Today is the last day of our ride. It’s hard to believe. It feels like we just started and yet I somehow have trouble relating to my life outside this journey, as if I’ve been doing this so long that I can’t clearly remember what was before.
In truth, we’re about to ride into our seventh state in as many days. I’m tired, sore, and my bike is broken. Part of me is ready for this to be over but a greater part wants to keep riding. Beyond today, beyond tomorrow, to keep riding with this group of friends whom I’ve just met and yet know intimately. We’ve ridden, we’ve laughed, we’ve cried, we’ve sweat, we’ve hurt, and we’ve healed.
This has been an incredible journey for me in many ways. I haven’t yet seemed to process some part of it and its meaning in my life. There is a significance beyond words, beyond pictures and posts, beyond the miles and the days, perhaps even beyond the names we read when we stop and that we carry around our necks.
But for this moment, the sun has risen and the sky has ceased it’s rain. We have many miles to go before we’re done, so…we ride.
Yesterday’s clouds still hang ominously in the sky but the rain at least has stopped and the roads are starting to dry with the morning sun. Unable to find a better solution to my broken derailleur, I attempt a field repair with a zip tie holding my cage together. This works surprisingly well and restores almost full stiffness to the chain box.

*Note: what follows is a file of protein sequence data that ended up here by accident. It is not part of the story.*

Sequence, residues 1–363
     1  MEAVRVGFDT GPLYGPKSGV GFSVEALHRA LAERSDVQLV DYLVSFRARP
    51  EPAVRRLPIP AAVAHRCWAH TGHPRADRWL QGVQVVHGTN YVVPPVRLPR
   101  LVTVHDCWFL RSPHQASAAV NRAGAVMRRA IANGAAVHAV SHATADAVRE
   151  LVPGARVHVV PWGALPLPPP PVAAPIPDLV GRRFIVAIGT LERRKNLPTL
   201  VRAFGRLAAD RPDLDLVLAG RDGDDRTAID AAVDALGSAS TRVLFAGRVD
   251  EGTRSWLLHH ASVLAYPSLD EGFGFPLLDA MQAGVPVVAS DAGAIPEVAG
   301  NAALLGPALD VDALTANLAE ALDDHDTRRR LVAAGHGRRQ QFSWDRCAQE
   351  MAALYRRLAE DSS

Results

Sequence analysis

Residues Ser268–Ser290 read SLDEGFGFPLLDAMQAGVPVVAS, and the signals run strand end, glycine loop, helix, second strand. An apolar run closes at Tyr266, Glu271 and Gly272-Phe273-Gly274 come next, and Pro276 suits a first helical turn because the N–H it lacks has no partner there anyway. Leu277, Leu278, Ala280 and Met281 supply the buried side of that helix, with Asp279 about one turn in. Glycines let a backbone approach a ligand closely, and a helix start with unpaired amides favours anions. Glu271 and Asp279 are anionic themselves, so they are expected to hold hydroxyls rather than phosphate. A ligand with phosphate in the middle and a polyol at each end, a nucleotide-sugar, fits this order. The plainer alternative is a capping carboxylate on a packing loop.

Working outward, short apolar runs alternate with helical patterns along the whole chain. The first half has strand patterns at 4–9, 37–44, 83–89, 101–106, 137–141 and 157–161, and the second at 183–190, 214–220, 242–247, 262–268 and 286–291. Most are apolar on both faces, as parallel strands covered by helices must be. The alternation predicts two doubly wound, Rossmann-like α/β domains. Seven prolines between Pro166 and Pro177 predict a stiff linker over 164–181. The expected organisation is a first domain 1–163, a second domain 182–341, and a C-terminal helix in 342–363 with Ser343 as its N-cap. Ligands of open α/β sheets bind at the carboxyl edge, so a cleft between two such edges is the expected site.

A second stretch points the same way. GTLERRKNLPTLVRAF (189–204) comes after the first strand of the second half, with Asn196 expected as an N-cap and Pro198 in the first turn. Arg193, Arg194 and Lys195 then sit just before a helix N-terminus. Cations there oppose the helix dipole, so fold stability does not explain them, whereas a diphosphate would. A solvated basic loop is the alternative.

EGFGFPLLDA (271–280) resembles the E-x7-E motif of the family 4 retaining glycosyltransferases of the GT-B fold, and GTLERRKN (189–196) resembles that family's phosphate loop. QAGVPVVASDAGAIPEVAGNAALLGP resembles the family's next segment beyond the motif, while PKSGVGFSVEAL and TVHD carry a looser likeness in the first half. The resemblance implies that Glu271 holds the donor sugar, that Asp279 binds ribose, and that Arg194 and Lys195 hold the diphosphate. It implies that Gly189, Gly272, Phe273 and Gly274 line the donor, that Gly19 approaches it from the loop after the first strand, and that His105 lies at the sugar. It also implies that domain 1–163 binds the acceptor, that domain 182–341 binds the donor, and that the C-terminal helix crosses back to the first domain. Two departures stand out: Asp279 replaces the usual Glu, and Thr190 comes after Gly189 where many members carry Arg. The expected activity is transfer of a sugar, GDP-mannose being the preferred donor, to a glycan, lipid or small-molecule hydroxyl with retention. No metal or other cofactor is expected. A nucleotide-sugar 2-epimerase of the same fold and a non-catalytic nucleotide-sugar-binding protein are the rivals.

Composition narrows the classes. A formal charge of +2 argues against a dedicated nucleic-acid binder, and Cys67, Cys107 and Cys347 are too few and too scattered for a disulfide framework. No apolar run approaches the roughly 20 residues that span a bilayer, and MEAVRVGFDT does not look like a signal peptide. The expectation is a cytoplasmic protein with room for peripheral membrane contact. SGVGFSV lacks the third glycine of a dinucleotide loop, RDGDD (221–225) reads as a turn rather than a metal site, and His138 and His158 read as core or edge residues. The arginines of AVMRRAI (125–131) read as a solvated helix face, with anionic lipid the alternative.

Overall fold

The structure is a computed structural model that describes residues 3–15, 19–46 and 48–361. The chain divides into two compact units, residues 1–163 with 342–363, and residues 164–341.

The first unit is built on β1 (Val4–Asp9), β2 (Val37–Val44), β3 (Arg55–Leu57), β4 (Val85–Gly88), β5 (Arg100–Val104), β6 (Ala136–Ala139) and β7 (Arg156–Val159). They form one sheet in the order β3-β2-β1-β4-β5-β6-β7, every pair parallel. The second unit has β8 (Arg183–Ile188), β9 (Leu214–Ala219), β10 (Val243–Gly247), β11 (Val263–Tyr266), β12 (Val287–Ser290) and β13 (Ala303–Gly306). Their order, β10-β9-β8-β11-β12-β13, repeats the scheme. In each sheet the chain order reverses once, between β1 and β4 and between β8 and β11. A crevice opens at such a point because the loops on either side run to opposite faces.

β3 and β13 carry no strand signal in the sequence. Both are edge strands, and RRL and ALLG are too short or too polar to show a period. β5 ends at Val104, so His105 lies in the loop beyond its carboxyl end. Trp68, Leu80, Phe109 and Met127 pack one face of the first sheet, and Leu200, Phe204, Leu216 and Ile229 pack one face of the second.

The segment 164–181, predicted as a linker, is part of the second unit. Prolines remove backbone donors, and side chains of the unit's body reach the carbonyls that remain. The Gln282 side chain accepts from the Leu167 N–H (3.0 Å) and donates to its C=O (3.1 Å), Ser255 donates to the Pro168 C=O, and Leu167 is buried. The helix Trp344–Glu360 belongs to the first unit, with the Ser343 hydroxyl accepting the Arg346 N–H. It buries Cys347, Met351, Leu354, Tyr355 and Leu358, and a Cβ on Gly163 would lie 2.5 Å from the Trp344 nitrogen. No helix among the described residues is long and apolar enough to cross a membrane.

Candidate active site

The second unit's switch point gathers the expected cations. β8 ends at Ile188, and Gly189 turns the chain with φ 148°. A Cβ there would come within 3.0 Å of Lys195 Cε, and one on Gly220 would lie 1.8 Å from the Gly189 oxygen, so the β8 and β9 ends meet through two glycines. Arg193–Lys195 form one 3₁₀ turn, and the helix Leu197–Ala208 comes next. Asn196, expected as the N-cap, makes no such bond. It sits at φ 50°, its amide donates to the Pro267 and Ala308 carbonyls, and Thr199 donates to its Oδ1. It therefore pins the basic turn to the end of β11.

With the previous day’s ride cut short due to weather, we were eager to get going.
Once on the road we are met with rolling hills and long, straight stretches of smooth rural blacktop. This is what we love. Comfortably in the rhythm after days of cycling, we pound out the miles and soak in the scenery.
Mid-morning we arrive in Princeton, NJ and are hosted by Princeton First Aid and Rescue Squad. Their station is only a few block from Westminster Choir College where my sister went to school.
Princeton First Aid and Rescue Squad members Frank Setincki, Catherine Miceli, and Nick Malcolm offer their warm hospitality and support as we pass through.
Judging by the dark clouds overhead and the way the wind is lifting the station’s flag, yesterday’s storms are not over.
Adding to that the National Weather Service warnings for severe thunderstorms and flash flooding decide that, unfortunately, today will be another bike and drive combination.
Our mid-day stop was at Second Alarmer’s Rescue Squad, with which several of our riders have an affiliation. A quick unloading and reloading of the truck allowed us to retrieve additional rain gear for our final leg into Collingdale.
Staging just outside of town, we fall into formation for our final ride.
With one final pedal stroke and dismount, our journey is over. A bittersweet end to an amazing experience.
I don’t know what the future will hold, but after this week, I doubt this will be the last time I join a group of friends and comrades, bound with a common purpose, undertaking such a noble journey.
Until then, to all of you who shared this adventure in all of the ways, we ride on.